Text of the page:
A native of Uruguay with a passion for earthy glam and saving the earth, Gabriela Hearst may be this era’s consummate rich hippie. But she doesn’t just want to take.
In a year where there is a lot of conversation in the U.S. around America’s contribution to fashion, which will culminate in two upcoming exhibitions at Metropolitan Museum of Art Costume Institute, Hearst wants to make sure that the contributions from her native South America, Central America and Mexico are not forgotten.
Not only those of big names like Oscar, Carolina and indeed Gabriela who made it in New York, but also of the (too often uncredited and appropriated) indigenous artisans and thinkers who have contributed their craftsmanship and design motifs to the canon of style.
“It’s a celebration and a reminder. I was just in Europe and I met with someone who said, ‘You’re from Colombia, right?’ I said, ‘No, Uruguay.’ He said, ‘It’s all the same.’ This is about breaking with that mentality and celebrating the cultures that exist on our continents,” Hearst said.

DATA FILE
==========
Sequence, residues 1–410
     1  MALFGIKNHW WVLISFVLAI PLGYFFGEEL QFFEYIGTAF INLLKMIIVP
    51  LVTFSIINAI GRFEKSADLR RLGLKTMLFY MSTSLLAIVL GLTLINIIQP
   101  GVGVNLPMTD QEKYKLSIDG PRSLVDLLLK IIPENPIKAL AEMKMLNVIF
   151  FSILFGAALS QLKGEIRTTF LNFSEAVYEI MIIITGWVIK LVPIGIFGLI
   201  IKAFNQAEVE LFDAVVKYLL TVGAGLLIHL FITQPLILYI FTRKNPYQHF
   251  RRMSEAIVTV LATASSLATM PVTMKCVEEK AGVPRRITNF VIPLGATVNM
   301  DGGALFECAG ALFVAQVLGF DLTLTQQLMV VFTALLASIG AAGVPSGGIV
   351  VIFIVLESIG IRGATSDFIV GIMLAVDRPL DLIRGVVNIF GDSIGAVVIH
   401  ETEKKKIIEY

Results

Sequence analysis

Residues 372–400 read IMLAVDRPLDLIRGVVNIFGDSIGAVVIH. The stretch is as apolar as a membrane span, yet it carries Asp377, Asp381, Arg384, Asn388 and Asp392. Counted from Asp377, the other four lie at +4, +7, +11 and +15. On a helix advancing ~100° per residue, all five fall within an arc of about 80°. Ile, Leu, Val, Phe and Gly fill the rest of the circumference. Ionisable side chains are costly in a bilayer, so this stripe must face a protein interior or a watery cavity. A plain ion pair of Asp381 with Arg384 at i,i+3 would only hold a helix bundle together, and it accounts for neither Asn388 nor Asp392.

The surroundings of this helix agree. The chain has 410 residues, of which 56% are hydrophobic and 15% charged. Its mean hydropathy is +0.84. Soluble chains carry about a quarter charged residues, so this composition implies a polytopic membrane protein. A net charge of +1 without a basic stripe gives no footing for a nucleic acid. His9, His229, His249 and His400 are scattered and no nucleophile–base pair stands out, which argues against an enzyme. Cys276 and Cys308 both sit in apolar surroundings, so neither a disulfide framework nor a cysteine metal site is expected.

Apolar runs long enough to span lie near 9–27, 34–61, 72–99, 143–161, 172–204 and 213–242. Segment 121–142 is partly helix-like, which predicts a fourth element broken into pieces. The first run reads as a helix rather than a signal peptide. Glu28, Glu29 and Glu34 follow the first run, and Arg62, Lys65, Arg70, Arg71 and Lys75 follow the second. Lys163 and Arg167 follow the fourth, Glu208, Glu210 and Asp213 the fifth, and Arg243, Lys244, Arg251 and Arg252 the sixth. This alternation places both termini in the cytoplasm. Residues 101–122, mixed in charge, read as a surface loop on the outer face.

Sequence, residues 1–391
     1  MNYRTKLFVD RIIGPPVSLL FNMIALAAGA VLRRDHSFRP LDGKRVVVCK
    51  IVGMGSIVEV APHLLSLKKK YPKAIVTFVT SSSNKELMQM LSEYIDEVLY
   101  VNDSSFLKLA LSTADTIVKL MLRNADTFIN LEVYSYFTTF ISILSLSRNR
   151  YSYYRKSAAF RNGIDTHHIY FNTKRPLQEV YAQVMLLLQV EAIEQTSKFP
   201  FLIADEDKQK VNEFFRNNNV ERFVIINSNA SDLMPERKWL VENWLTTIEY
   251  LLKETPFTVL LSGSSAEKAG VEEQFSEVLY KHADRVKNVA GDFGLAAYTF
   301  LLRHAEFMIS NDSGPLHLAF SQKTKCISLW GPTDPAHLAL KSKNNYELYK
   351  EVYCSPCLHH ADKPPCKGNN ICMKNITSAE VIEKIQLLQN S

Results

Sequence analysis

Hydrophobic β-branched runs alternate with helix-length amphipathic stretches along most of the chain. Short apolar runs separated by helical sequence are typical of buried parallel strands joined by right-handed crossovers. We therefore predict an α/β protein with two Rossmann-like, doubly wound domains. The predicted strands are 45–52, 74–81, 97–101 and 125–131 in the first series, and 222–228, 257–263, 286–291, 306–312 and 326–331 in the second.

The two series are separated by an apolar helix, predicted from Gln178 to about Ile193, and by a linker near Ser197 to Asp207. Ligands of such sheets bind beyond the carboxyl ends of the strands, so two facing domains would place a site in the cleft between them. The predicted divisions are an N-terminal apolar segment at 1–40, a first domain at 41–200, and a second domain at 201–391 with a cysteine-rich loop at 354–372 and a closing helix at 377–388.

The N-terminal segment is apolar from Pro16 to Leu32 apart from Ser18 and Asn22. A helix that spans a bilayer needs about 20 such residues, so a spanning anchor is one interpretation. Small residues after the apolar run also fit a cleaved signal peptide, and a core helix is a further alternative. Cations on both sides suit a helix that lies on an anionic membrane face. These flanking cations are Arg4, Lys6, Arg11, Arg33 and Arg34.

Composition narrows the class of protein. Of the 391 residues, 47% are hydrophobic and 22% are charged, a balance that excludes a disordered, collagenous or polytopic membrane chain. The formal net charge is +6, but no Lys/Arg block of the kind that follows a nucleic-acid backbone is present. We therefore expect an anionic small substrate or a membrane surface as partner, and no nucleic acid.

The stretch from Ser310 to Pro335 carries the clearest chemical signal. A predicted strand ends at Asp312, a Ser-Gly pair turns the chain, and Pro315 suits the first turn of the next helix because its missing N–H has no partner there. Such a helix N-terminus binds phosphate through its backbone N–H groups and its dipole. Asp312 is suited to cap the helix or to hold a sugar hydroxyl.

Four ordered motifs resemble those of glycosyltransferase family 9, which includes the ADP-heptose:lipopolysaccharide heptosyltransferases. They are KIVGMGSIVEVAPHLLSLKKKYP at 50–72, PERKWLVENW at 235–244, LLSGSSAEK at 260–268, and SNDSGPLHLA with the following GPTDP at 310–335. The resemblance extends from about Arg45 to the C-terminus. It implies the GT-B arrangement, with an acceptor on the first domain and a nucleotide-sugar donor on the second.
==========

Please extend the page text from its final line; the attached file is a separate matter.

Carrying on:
“For me, it’s very important we look at the Americas and the history of how we are creating garments because it’s been since the Industrial Revolution and more since World War II that the process of making clothes has industrialized itself to the point that the garments don’t look authentic anymore,” she continued. “To create realness, you have to pay attention to the ingredients and the craft. And I still feel quite far from where I want to be in developing this.”